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October 17, 1991


On Petition for Review of a Decision of the District of Columbia Department of Human Rights

Farrell and Wagner, Associate Judges, and Gallagher, Senior Judge.

The opinion of the court was delivered by: Wagner

American University (the "University") petitions for review of a decision of the District of Columbia Commission on Human Rights (the "Commission") finding that the University discriminated against its former employee, Marionette Phelps, (the "complainant") *fn1 because it fired her for poor job performance without making reasonable accommodation for her handicap (manic-depressive syndrome). The principal issues resolved against the University by the Commission in reaching its decision and presented here for review are: (1) whether substantial evidence supports the Commission's determination that complainant suffered from a mental disablement for which reasonable accommodation could be made within the meaning of D.C. Code § 1-2502(23) (1987); (2) whether the Commission's Conclusion that complainant established a prima facie case of discrimination under D.C. Code § 1-2512(a)(2) (1987) rationally follows from its findings; (3) whether the University had a duty, before firing complainant, to ascertain if she was affected by a disability which could be accommodated; and (4) whether the University was required to offer complainant a "firm choice" between treatment and termination before firing her. We answer each of these questions in the negative, and reverse the decision of the Commission.


The complainant filed a complaint of discrimination against the University on June 14, 1982, with the D.C. Commission on Human Rights under the Human Rights Act of 1977, D.C. Code § 1-2502 et seq. (1981). Complainant alleged that petitioner terminated her employment unlawfully because of her race (Black) and handicap (manic-depressive syndrome). A hearing on the complaint was held on December 9, 1986, and on January 19, 1988, the hearing examiner issued proposed findings of fact and Conclusions of law recommending dismissal of the complaint, having found no unlawful discrimination on either of the two grounds asserted. The Commission affirmed the hearing examiner's findings and Conclusion that the University did not discriminate against complainant because of her race; however, it rejected the examiner's Conclusion on the claim of discrimination based on handicap. The Commission found that complainant had established that termination of her employment resulted from discrimination by the University based on mental disablement in violation of the Human Rights Act. Therefore, the Commission ordered complainant's reinstatement with back pay, adjusted for money received from other employment. The Commission also ordered the University to cease and desist from failing to accommodate individuals with similar handicaps.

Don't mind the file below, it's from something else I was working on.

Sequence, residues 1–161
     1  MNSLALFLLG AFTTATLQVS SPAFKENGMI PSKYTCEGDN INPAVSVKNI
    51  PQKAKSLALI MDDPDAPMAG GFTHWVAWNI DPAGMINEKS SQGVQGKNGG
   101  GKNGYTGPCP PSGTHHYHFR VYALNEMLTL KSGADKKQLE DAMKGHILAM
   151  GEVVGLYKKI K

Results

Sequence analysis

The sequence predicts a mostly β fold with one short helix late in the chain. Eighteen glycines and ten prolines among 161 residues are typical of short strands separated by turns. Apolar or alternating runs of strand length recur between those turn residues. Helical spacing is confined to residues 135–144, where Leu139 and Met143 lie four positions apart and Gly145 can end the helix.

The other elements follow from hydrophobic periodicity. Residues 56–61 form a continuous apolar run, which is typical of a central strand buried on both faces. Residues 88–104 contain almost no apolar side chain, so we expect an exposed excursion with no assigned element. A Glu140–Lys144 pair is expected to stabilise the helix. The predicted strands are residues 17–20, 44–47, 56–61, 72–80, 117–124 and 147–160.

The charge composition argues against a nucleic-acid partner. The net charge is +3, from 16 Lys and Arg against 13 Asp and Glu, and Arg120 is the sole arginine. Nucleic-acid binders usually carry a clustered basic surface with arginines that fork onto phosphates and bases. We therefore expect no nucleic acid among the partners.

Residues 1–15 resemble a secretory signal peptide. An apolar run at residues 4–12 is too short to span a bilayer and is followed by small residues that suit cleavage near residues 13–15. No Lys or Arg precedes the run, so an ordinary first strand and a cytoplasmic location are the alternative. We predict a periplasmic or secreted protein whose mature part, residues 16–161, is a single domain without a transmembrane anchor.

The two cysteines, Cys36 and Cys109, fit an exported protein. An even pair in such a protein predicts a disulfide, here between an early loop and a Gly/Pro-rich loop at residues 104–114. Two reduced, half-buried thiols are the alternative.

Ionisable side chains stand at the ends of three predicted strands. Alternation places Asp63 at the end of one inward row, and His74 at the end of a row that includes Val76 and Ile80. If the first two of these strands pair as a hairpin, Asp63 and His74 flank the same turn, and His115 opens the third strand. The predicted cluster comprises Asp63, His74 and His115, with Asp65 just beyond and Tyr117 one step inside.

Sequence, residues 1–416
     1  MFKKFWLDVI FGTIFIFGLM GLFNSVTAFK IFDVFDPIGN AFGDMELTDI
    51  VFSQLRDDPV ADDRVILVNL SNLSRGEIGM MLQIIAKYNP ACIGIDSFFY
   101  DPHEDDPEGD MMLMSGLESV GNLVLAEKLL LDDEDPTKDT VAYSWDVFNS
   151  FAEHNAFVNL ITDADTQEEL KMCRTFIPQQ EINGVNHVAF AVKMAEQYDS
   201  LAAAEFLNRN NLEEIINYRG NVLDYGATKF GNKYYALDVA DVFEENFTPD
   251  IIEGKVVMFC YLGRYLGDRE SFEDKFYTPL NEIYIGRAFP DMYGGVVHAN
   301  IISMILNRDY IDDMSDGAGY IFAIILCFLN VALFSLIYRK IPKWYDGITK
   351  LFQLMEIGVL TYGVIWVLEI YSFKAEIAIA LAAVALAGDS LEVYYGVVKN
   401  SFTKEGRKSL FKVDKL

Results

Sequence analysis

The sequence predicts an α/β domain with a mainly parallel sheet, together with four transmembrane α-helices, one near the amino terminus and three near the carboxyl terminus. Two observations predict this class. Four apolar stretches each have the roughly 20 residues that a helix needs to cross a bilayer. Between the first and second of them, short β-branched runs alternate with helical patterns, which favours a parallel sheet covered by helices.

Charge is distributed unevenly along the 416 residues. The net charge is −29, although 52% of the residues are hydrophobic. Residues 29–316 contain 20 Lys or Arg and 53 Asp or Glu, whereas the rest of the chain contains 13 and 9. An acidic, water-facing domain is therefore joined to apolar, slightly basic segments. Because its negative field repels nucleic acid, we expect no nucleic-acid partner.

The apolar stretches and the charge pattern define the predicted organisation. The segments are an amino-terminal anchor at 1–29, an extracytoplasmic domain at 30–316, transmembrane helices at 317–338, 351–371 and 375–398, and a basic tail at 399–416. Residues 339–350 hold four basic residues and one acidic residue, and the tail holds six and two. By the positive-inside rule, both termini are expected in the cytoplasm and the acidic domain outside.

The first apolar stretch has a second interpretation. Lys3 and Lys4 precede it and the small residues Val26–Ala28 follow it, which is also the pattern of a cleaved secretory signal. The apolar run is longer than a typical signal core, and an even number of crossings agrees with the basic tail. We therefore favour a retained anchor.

Unless otherwise indicated, the pertinent facts as found by the Commission are undisputed. Ms. Phelps was hired by the University in November 1978, as an administrative secretary in the University's Center for Financial Management, which later became the Institute for Applied Public Financial Management (the "Institute"). Prior to applying for the position, Ms. Phelps had been diagnosed as manic-depressive, a condition which resulted in her retirement on full disability from the District of Columbia government. *fn2 In response to a question on the employment application, she disclosed a prior hospitalization, and she explained to Professor Raymond Einhorn, who hired her, that she was suffering from depression for which she required treatment. *fn3 Professor Einhorn told Ms. Phelps that he had consulted with the personnel office and that her condition posed no problem to her employment. To accommodate the complainant's condition, Professor Einhorn modified her work schedule to seventy-six hours every two weeks instead of eighty hours, allowing time for her to attend psychotherapy sessions on Wednesday mornings. The modified schedule was included in complainant's personnel appointment forms, and she maintained the schedule until she was fired.

Professor Einhorn, the Institute's Director, supervised the staff, including Ms. Phelps. In the fall of 1979, Dennis Spyra became Assistant Director for the Institute, and thereafter, both Professor Einhorn and Mr. Spyra jointly supervised the staff. However, at the time of the hearing, the complainant testified that Professor Einhorn was her sole supervisor until the last two months of her employment. Until late 1981, Mr. Spyra and the complainant had a good working relationship, although he noticed that complainant was moody and required special consideration by other staff members. Neither Professor Einhorn nor Ms. Phelps ever shared with Mr. Spyra information regarding Ms. Phelps' mental condition, and Professor Einhorn discouraged inquiries into the matter, instructing Mr. Spyra that staff should work around her.